August 26, 2011
If Frank McCourt took the same test the Dodgers sent fans about Vin Scully: 1. Knowledge of baseball: "A small white sphere thrown around by grown men who make me millions. " 2. Knowledge of Dodgers: "Great Dodger Dogs. " 3. Objectivity: "I try not to attend because it's not safe" 4. Accuracy of calls: "I never answer. It could be Jamie's lawyers. " 5. Storytelling ability: "Did you hear the one about the priest and the rabbi walking into the bar? …" 6. Focus on the game: "I can't afford cable.
September 1, 2010 |
Among the promises Frank McCourt made on the day he took over the Dodgers in 2004: He would maintain the Dodgers' player payroll within the top one-quarter of major league teams, and he had no plans to consider selling naming rights to Dodger Stadium. The business plan he filed with Major League Baseball tells a different story on both counts. In two largely similar versions of the plan, the document explains how he plans to reverse the Dodgers' financial losses in part by slashing payroll--from $100 million in 2004 to $85 million in 2006--and limiting annual growth to about 4%. The document also notes the "iconic status of Dodger Stadium" and says "there may be initial resistance to re-naming the ballpark.
September 1, 2011 |
In an international twist in the Dodgers' ownership saga, Frank McCourt has been offered $1.2 billion to sell the team to a group indirectly financed by the government of China. The bid is headed by Los Angeles Marathon founder Bill Burke, according to a letter sent to McCourt on Tuesday. The letter was disclosed to The Times by two people familiar with its content but not authorized to discuss it publicly. The proposed sale price would set a record for a Major League Baseball team.
November 2, 2011 |
Ding, dong, the wretch has fled. Ending the saddest chapter in Dodger history, Frank McCourt has finally agreed to sell the team, giving up ownership Tuesday on a day appropriately filled with thoughts of upcoming Thanksgiving gratitude while occurring hours after the horror of Halloween. After eight seasons that featured four playoff appearances, one divorce, one bankruptcy, and an alleged $189 million siphoned from the team for personal use, McCourt has agreed with major-league baseball to seek approval from a U.S. Bankruptcy Court for an auction of the Dodgers.
December 15, 2009 |
Frank McCourt has accused his estranged wife of undermining the Dodgers' business operations, claiming in a court filing Monday that Jamie McCourt could "continue to seek to damage the Dodgers" so long as she presents herself as a co-owner of the team. In a hearing today, Frank McCourt's lawyers plan to argue that a trial to determine ownership of the team should start in February, with the goal of resolving the matter by opening day. Jamie McCourt's lawyers plan to ask for a trial date next fall.
February 15, 2011 |
Dodgers owner Frank McCourt said Tuesday that fans should not be concerned about his financial troubles and renewed his vow to own the team whenever his costly and lengthy divorce proceedings conclude. "I'm very, very confident at the end of the process that I'm going to own the baseball team and, someday, my four kids are," McCourt said. "My confidence in that has not changed. " The Dodgers posted a losing record last season, which could affect season-ticket sales even without a struggling economy and the damaging revelations from McCourt's divorce trial.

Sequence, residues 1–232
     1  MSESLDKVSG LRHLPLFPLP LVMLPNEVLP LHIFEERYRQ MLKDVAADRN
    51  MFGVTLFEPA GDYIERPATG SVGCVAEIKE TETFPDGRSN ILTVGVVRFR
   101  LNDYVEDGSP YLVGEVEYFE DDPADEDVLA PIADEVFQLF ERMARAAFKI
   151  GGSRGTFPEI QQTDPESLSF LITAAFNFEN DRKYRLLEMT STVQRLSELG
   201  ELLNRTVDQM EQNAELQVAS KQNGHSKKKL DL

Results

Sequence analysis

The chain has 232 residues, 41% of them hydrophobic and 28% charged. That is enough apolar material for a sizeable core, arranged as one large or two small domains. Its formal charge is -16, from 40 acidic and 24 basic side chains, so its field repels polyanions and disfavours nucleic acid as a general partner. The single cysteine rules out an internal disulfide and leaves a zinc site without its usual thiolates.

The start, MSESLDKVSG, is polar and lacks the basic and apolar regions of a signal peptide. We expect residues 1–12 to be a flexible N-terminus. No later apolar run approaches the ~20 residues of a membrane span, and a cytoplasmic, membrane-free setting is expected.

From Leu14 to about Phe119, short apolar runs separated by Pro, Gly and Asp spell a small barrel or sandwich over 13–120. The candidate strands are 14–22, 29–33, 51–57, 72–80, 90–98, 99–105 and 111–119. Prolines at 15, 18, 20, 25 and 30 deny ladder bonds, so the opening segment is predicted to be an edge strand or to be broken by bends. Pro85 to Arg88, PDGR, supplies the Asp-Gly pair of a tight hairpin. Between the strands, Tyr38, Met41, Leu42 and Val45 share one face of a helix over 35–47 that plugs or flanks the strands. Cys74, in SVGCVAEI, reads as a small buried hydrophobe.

August 25, 2010 |
Frank McCourt dismissed Jamie McCourt's allegation that he tampered with documents to deprive her of a share of the Dodgers as "offensive, flatly wrong and not supported by a shred of evidence" in court papers filed Tuesday. Exhibit A, in the version of the agreement signed by her in Massachusetts on March 31, 2004, and signed by Frank in California on April 14, 2004, provides Frank with "all securities … currently listed solely in Frank's name exclusive of the following," and specifically lists "within this exclusion ... all assets of the Los Angeles Dodgers ... and 276 acres of land located in Chavez Ravine.
January 7, 2011 |
Dodgers owner Frank McCourt met for three days this week with executives from the commissioner's office as Bud Selig considers options that could complicate McCourt's ability to remain in control of the team. McCourt met with several of Selig's lieutenants ? but not with the commissioner himself ? from Monday through Wednesday at Major League Baseball headquarters in New York, according to three high-ranking officials familiar with the discussions but not authorized to talk about them.
June 10, 2011 |
The on-field performance of our local teams being what it is, we Southern California sports fans get our drama where we can find it. The current cliffhanger: Will Frank McCourt make the Dodgers' payroll due Wednesday? Here's betting that somehow the players will get paid. But the looming deadline provides a chance to muster some perspective on the McCourt situation and how it's been handled by Major League Baseball Commissioner Bud Selig. Selig has effectively seized control of the Dodgers, placing his handpicked executive, former Texas Rangers President J. Thomas Schieffer, in the front office and giving him the authority to veto all but the most trivial financial decisions.
June 28, 2011 |
Seven years ago, in his first day on the job, Frank McCourt hosted his most important investors for lunch. They were about two dozen season-ticket holders. They met in the stadium club on a bright January afternoon above an empty field full of promise. McCourt wooed them, wowed them, pushed them to believe in the words behind his funny accent and the ideas inside his bold vision. Then, by most accounts, he abandoned them. Nowhere has McCourt's abuse of the Dodgers brand been more evident, or costly, than in his neglect for the group whose loyalty and passion he should have valued most.